AE: Where does the infrastructure fit into this?
Wall: So again, V2V, V2X, we're the module in the car that controls that. We also have from an infrastructure perspective a secure credential-management system, which allows certificates to be exchanged so that you could validate. We're not a cloud company. We're going to partner with whoever the cloud companies are, but we have that infrastructure as well.
Karimi: If you look at the ecosystem that John's talking about, Baidu is an example of it. There are a whole lot of different companies that are coming and plugging into that framework – a lot of overlaps on people who are participating. But at the end of the day, it's one ecosystem, one framework and we're the operating system, we're Switzerland. We think probably three or four of these ecosystems will get formed down the road. Everything will consolidate, and we want to be that safe and secure operating system and foundational software platform for these ecosystems.
AE: Does BlackBerry want to be the OS of autonomy?
Wall: OS of, but I try not to limit it to autonomy. I believe autonomy is very far out. I think what's more interesting is how the car is changing to an ecosystem platform. And that's going to happen sooner than full autonomy. That's around the corner.
AE: It seems then that the monetization of services would be the short-term goal for these companies?
Wall: Bingo. Because you're going from a car being a low margin, high-liability device, car makers know there's a ton of data in that car and a captive audience. How do I sell them services and how do I monetize their data? And that's why insurance as a service is where people can monetize the data, provide a service to the customer. I think it's going to be very interesting.
Karimi: If you look at the data on the number of cars, there are headwinds that all OEM's are experiencing. The rideshare economy is coming. People are keeping their cars longer, etc. So they have to transform themselves to take advantage of this data opportunity. They don't want to become just dumb pipes. Look at what happened in the telco market. Operators for all practical purposes are extracting little value when it comes to the apps. It's Google who’s making money, and it's the apps making the money. Operators have turned into a pipe. So car companies are in jeopardy of becoming the pipe unless they proactively go and say, "No, I don't want to be just the pipe. I want to own that customer relationship. I want to own that experience, and I want to leverage that data as a result of that experience."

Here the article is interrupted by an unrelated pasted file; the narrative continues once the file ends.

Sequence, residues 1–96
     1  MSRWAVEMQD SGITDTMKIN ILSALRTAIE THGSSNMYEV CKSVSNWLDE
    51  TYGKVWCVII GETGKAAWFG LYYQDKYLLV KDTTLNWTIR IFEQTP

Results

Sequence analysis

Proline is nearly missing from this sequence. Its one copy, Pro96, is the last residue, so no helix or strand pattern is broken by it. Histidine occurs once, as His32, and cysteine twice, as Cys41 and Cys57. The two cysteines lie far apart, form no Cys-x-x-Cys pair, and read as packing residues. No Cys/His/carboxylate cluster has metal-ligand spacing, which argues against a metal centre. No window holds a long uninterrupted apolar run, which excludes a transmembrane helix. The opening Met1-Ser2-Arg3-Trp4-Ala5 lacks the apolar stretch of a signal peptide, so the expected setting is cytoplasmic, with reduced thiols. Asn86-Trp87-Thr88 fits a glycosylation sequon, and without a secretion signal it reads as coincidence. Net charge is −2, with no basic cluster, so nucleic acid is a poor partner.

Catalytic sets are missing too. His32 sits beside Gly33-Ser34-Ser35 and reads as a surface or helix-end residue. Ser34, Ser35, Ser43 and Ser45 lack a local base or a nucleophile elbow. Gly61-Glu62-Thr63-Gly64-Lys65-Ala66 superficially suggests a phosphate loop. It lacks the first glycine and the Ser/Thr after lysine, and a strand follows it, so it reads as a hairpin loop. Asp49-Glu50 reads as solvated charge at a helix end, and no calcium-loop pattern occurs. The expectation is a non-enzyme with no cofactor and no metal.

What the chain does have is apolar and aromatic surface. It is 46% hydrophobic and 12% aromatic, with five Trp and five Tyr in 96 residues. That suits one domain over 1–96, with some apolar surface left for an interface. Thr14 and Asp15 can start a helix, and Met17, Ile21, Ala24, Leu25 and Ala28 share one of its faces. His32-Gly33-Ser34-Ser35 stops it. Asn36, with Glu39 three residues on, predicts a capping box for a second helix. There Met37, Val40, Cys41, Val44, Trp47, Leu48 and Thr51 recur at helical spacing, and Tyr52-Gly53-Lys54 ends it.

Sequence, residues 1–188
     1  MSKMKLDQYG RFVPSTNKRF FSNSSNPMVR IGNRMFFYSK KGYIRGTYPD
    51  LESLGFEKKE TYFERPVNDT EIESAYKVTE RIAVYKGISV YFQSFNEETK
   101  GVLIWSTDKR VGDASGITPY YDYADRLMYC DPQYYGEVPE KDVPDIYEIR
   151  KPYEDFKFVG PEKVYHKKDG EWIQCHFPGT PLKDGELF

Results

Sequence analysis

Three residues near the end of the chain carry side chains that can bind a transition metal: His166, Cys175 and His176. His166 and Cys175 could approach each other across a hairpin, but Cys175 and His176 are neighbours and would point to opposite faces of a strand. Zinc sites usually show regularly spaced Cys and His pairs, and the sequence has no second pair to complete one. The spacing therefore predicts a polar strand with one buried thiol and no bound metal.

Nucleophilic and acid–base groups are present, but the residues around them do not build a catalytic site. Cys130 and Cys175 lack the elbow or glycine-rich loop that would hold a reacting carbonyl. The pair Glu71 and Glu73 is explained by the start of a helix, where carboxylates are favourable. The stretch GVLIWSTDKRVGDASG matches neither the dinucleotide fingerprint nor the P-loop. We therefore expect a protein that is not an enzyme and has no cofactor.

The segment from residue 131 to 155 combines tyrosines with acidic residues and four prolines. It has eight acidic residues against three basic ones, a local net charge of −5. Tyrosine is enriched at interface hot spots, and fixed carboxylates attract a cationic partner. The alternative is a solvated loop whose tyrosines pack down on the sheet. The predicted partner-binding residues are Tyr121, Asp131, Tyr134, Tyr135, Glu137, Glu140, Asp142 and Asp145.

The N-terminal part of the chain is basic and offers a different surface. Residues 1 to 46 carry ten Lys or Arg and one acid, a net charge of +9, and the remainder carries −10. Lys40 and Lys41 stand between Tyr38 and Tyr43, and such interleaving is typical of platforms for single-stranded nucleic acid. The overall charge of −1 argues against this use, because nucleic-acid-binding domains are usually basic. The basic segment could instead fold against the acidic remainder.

AE: Where does 5G fit into this?
Wall: Is 5G necessarily the big thing? No, I don't think so. I think it's just getting the cars connected. I think V2X will probably come into its own when 5G is available.
Karimi: By 2021, over 90% of new cars will be connected, and we're only talking about new cars, so it's not a green field. You’ve still got all these legacy vehicles and people are holding onto their cars longer.
AE: Is the leap to autonomy about time, like you say a ‘captive audience’?
Wall: Who is motivated by autonomy? Full autonomy is Uber, Lyft and trucking companies – people who have a real financial stake in having autonomous drive. Fleets, any fleet. We see robo taxis will probably be the first type of companies that will be autonomous because they can put $250,000 worth of equipment in a robo taxi and monetize and amortize that over a period of time. But you're not going to buy a consumer car for $250,000.
AE: What's the dream ask of an OEM right now?
Wall: To be clear, our vision comes from the OEM's, from talking to them and working with them. We're not inventing this vision.
Karimi: This is an interesting perspective, because we work with 45-plus OEM's on a regular basis. We work with all the relevant Tier-1’s. We work with a lot of newcomer technology companies. All the new EV guys. So, it's a cross-section perspective that's agnostic.
Wall: What's really interesting is that the OEM's used to go to a Tier-1 and say, "Hey, build me this. Here's the spec. I'm going to hammer you until you deliver this to me.” That's not the case anymore. They may go to the Tier-1 and say build me some hardware, but I want to own the software. It's almost a triangle relationship now. It's OEM, Tier-1, software company. The OEM's do not want to be locked out of owning the software, because they know this is going to be a real differentiator.
What we do is we focus on the secure foundation for them and try not to impede on what they bring to the table as a differentiator. We balance very nicely along the line of what we provide – it doesn't compete with our customers, OEM or Tier-1. They don't want to write an operating system. They don't want to write a hypervisor. They don't want to write secure communication. We do that. They want to write the app that is interfacing to the customer where they differentiate.Continue reading »